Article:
It’s clearer than ever that Barack Obama’s permissive immigration policies encouraged prospective immigrants to endure hardship and risk lawlessness.
Illegal immigration from Mexico peaked in 2007, but migration from Central America through Mexico did not. According to the New York Times, the increasing arrests of illegal immigrants have combined with Donald Trump’s rhetoric to “scare” off prospective Central American migrants—people who, in the Obama years, might have entrusted their lives to smugglers.
“The Mexican authorities recorded a 56 percent drop in the number of undocumented immigrants detained in their country—many of them presumably on their way to the United States—in the first four months of the Trump administration, compared with the same period last year,” the Times reported. That dispatch quoted Honduran smugglers confirming Mexico’s statistics and bemoaning their declining prospective clientele
Obama’s defenders will insist that the idea he pursued a permissive policy toward immigration is a lie. They will cite Obama administration statistics that contend the president deported more illegal immigrants than past presidents (statistics augmented by the conflation of deportations and arrests at the border). They’ll also cite the Obama Justice Department’s effort to sideline so-called “sanctuary cities.” But the proof of the pudding is in the tasting. In their own words, as reported by the Times, prospective Latin American migrants no longer believe the risks and costs of illegally migrating to the U.S. are worth the rewards.
Even the Obama White House tacitly admitted the existence of the incentives he put in place for potential illegal immigrants. In January of 2015, the last administration worked with Mexico to forestall an anticipated illegal immigrant bloom as a result of his executive action deferring deportation for the illegal immigrant parents of minors born in the U.S. or naturalized as U.S. citizens (an action later stayed in the courts).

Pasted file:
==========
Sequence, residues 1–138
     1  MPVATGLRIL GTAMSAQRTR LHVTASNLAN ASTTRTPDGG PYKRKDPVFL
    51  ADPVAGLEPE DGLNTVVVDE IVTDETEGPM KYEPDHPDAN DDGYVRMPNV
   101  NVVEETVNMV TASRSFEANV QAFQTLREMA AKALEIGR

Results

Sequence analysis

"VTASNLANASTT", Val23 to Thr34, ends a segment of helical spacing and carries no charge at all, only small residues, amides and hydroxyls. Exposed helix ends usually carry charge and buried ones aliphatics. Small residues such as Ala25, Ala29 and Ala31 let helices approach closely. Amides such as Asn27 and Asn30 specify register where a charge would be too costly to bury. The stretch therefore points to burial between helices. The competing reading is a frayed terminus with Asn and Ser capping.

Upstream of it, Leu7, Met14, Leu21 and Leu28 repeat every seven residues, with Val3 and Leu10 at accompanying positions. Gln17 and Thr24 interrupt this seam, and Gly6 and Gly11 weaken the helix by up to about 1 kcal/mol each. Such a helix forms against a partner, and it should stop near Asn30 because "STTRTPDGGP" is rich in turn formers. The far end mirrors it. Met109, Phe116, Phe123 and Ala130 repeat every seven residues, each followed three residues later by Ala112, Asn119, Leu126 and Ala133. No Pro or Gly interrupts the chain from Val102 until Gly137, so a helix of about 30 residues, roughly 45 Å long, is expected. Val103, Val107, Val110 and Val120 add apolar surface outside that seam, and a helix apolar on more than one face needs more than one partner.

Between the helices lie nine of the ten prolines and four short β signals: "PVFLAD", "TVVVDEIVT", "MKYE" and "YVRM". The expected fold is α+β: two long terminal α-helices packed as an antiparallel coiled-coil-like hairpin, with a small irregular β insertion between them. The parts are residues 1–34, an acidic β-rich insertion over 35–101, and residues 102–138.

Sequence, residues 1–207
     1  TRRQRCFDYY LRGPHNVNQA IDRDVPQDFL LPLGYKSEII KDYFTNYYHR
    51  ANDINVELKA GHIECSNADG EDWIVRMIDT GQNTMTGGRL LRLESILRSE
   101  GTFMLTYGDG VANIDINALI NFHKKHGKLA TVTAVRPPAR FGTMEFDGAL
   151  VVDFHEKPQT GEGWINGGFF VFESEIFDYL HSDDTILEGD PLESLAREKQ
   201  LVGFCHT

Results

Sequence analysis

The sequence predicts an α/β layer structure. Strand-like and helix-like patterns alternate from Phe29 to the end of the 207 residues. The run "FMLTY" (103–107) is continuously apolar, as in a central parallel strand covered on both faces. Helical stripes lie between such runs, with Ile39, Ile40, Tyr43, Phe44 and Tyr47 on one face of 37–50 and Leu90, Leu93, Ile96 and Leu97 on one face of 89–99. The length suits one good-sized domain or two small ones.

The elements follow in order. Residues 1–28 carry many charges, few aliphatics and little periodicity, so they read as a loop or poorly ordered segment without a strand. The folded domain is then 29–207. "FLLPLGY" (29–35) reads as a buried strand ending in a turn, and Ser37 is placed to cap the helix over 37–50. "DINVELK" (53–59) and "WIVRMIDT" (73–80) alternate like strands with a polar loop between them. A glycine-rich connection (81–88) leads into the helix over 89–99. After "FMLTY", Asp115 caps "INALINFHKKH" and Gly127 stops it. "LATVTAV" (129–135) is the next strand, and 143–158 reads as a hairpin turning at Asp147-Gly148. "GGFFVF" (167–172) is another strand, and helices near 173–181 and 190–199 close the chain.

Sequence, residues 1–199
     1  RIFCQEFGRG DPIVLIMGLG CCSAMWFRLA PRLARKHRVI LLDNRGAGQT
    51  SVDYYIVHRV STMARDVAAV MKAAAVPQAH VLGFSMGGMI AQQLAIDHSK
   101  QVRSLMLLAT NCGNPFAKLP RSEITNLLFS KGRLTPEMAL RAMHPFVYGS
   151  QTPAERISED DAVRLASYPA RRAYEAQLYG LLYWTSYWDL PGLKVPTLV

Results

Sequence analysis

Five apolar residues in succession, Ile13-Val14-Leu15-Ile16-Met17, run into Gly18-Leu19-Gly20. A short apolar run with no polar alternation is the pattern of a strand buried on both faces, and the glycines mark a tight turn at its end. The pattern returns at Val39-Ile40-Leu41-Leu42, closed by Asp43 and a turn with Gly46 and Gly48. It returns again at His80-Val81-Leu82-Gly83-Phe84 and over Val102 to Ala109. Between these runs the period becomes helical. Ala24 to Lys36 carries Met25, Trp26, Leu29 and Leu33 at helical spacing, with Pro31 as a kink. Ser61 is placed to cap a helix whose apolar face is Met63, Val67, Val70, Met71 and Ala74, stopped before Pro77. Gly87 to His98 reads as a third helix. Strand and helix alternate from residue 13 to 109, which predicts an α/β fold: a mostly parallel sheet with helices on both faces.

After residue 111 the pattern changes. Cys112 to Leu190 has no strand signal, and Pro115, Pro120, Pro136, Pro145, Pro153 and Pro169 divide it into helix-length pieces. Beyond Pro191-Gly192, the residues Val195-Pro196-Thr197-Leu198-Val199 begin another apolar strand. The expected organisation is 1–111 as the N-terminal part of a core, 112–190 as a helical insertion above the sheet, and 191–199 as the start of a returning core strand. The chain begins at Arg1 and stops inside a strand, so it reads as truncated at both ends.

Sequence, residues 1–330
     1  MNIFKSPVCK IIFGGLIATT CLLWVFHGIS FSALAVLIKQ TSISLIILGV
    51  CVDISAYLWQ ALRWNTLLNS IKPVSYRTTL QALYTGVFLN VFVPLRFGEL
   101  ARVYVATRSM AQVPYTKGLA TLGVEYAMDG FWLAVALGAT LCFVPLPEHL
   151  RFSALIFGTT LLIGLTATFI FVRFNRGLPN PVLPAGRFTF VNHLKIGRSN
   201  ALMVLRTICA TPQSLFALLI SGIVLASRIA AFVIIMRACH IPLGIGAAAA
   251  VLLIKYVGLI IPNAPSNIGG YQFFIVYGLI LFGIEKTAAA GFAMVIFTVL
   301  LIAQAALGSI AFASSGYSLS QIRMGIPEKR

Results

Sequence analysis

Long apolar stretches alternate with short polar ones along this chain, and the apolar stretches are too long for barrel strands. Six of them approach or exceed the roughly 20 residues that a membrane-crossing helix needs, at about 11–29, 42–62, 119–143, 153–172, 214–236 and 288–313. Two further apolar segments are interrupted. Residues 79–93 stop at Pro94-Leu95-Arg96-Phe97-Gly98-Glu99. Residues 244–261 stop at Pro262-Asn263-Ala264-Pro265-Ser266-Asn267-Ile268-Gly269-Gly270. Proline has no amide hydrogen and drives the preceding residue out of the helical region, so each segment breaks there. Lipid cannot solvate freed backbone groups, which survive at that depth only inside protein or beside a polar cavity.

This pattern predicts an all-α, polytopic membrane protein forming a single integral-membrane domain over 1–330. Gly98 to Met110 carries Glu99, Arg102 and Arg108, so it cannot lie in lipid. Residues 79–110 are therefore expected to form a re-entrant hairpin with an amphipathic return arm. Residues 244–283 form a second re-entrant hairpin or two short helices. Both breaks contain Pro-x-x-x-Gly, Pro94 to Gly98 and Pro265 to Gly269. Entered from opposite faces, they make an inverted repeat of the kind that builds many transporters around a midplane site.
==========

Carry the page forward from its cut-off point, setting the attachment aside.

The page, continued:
In the end, there was no dangerous explosion of illegal immigration, which is what happened after Obama’s executive order deferring deportation of undocumented minors in the summer of 2014 (when Hondurans, Salvadorans, and Guatemalans made up the bulk of apprehended border-crossers). Experts attributed that decline to the enhanced efforts of law enforcement on both sides of the border. Yet nothing has been so effective at reducing illegal immigration like stripping that activity of the prospect of success.
As of early May, illegal immigrants attempting to cross the Southwestern border had declined an eye-popping 76 percent over the course of the Trump administration—a 17-year-low. This occurred despite the fact that the border patrol doubled in size over the course of both the Obama and George W. Bush administrations. It occurred despite the investment of billions in fencing, drones, and sensor technology at the border. It occurred despite the fact that the U.S. economy continues to recover, the prospects for employment in the U.S. are high, and political instability in Latin America is on the rise.
The increased deportations in America are, in many cases, heavy-handed. The Trump administration should observe more discretion and prioritize the removal of criminal illegal immigrants over otherwise law-abiding non-citizen residents. Yet the decline in prospective migrants making a dangerous journey to the U.S. is a welcome outgrowth of this policy. It relieves the strain on governmental resources on both sides of the border and will ultimately save lives. That’s a policy worth considering.